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John 5

John 5


by Tina Hall
August 2010

John 5 is best known for his work as former guitarist for Marilyn Manson and also as guitarist for Rob Zombie. He has one of the most impressive resumes in rock having working with artists like, K.D Lang, Lita Ford, Meatloaf, David Lee Roth, Salt-N-Pepa, and Lynyrd Skynyrd. His latest solo effort is titled “The Art of Malice.” I sat down with him recently to talk music and what he would most like to do otherwise.

Maximum Ink: If you dont mind asking, how did the stage name John 5 come about?
John 5: I became John 5 when I joined Marilyn Manson.He dubbed me that because I was the 5th member to join the group, and yeah, it does have a biblical reference too.

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The Joykiller

The Joykiller

An interview with Ronnie King and Jack Grisham
by Tina Ayres
February 2015

The Joykiller is a punk rock supergroup founded by Jack Grisham(vocals), Ron Emory(quitar)Billy Persons(bass), Chris Lagerborg(drums),and Ronnie King(keyboard) in 1995. Their latest offering is Music for Break-Ups.

Maximum Ink: Do you happen to remember the moment when you first discovered the power of music?
Ronnie King: Well For me at 11 yrs I was recording a record in a real Studio. I was singing my part. Guess what I cried (laughs)
Jack Grisham: It was probably when I was a kid. There was trouble at home—alcoholism, strife, and detachment. I felt alone, uneasy, unloved, and then I heard Bob Dylan’s Lay Lady Lay and it gave me a warmth, a love, and a connection that I’d never felt. The song let me know that it would be okay. I remember copying the lyrics and pretending that I wrote them about she who would one day be in my life.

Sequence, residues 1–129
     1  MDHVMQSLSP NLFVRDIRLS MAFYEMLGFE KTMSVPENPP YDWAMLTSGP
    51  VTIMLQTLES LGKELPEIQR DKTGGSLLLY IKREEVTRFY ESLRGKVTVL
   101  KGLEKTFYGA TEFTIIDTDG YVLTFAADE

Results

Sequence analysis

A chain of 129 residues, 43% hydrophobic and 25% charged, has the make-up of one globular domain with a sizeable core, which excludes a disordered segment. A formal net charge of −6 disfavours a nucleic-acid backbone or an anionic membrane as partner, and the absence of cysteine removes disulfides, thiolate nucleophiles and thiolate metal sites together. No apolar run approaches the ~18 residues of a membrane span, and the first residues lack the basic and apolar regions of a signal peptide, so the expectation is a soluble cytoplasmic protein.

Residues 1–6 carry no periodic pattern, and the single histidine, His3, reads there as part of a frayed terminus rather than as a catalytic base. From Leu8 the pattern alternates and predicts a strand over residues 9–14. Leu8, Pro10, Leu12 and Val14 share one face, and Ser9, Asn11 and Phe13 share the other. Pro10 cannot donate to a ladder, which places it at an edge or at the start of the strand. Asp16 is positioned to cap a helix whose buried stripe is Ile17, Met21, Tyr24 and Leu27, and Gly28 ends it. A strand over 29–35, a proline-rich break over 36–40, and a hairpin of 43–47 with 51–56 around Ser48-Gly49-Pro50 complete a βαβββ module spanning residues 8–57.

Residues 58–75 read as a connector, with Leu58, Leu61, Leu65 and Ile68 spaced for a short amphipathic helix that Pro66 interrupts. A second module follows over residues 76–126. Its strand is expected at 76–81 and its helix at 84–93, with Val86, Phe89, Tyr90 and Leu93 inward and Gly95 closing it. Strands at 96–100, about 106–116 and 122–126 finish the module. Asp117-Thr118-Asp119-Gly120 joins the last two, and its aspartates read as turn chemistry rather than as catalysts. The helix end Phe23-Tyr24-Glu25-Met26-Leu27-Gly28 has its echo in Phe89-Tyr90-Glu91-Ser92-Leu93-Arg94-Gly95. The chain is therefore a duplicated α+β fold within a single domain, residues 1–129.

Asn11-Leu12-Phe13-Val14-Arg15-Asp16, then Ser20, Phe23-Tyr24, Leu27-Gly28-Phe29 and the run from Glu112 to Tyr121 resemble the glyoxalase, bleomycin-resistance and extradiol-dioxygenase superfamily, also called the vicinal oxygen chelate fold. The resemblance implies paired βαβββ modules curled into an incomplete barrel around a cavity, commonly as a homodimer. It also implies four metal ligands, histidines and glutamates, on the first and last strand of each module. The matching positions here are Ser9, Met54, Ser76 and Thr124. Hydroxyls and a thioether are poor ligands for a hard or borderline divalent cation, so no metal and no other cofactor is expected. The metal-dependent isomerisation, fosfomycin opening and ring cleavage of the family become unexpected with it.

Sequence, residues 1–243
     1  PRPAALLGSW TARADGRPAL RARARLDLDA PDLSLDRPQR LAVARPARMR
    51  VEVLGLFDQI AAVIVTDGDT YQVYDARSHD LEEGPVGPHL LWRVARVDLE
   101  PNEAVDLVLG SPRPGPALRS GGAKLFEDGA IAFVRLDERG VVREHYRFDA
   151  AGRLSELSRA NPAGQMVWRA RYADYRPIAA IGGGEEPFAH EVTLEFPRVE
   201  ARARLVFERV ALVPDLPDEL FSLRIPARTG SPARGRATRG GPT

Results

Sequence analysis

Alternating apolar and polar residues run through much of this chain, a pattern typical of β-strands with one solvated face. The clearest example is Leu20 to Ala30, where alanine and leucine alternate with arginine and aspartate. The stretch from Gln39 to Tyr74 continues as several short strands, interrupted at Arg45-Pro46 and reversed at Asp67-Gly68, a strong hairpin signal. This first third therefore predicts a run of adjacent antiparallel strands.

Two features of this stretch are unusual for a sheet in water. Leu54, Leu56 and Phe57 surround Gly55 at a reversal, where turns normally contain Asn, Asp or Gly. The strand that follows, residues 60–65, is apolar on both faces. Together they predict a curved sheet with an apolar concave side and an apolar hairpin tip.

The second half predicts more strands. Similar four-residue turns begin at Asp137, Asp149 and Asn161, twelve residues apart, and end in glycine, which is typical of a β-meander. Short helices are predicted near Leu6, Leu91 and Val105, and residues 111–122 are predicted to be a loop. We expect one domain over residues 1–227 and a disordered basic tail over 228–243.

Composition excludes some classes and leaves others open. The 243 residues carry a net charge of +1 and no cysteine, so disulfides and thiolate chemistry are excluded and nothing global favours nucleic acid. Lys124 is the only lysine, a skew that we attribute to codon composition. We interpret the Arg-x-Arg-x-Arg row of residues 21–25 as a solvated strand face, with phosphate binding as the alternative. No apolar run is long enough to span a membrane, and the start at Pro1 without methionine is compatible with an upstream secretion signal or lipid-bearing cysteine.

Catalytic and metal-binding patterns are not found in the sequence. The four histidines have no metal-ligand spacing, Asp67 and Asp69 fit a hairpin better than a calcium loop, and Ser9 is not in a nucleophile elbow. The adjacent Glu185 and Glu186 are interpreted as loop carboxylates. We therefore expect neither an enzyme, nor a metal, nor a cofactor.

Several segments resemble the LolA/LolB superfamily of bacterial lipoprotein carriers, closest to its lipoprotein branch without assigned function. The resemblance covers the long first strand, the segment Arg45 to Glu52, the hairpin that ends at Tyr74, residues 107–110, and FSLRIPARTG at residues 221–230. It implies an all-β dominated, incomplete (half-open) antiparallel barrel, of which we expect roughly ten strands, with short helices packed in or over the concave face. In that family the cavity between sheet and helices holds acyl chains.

MI: What was it like to start playing music at the age of 5? Do you think coming from a musical family offered you more encouragement to pursue your interests in the field?
RK: They weren’t in the Music Business at all. They all play with an unconditioned freedom.I sold out a long time ago…I’m having a wonderful time in this time of my life. I’m enjoying music ( It’s all about the music.)

MI: What were you like as a child? Did you develop your love of music early on as well?
JG: I was trouble, too smart for my own good and too sensitive to be comforted. I loved music but I wasn’t gifted as a singer and I had no discipline or desire to learn an instrument.

MI: Who are some of your earliest influences?
RK: I loved listing to Barry Manalow, and McCoy Jazz Great Piano Dude Chick Corea, and the music at the Catholic Church.
JG: Frank Zappa and the Mothers, the Beatles, and the Rolling Stones.

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Judas Priest on the cover of Maximum Ink in August 2004 - photo by Craig Gieck

Judas Priest


by Jeff Muendel
August 2004

In 1969, while hippies pranced about the farm fields of Woodstock, New York with flowers in their hair, Birmingham, England was giving birth to a monstrous new musical genre that came to be known as heavy metal. A group called Black Sabbath released its first album that year, and while others both in the United States and England were flirting with the heavier side of rock ‘n’ roll, it was that band that nailed metal squarely between the eyes.